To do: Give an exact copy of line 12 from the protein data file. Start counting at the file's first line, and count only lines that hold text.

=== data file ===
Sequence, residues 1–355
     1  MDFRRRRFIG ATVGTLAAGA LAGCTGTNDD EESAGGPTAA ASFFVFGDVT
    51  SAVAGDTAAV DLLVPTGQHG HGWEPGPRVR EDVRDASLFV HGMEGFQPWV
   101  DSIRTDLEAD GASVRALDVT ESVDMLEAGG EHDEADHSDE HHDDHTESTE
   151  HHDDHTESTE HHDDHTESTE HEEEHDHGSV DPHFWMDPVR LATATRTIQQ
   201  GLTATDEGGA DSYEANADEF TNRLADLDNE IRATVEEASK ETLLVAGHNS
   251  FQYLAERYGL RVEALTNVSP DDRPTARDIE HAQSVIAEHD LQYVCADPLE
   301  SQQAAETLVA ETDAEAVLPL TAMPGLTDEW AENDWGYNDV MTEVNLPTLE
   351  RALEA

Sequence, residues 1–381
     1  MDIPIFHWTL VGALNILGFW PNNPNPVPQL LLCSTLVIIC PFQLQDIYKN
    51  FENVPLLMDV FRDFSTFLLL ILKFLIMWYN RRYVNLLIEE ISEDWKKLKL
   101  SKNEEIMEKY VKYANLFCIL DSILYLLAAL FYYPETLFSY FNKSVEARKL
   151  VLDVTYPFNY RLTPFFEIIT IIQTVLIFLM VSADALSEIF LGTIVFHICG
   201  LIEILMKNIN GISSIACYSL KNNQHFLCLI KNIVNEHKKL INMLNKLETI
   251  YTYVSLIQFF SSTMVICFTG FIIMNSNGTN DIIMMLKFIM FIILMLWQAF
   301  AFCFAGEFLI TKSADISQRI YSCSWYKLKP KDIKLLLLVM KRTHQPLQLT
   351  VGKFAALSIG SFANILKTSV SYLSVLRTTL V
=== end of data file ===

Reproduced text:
    51  FENVPLLMDV FRDFSTFLLL ILKFLIMWYN RRYVNLLIEE ISEDWKKLKL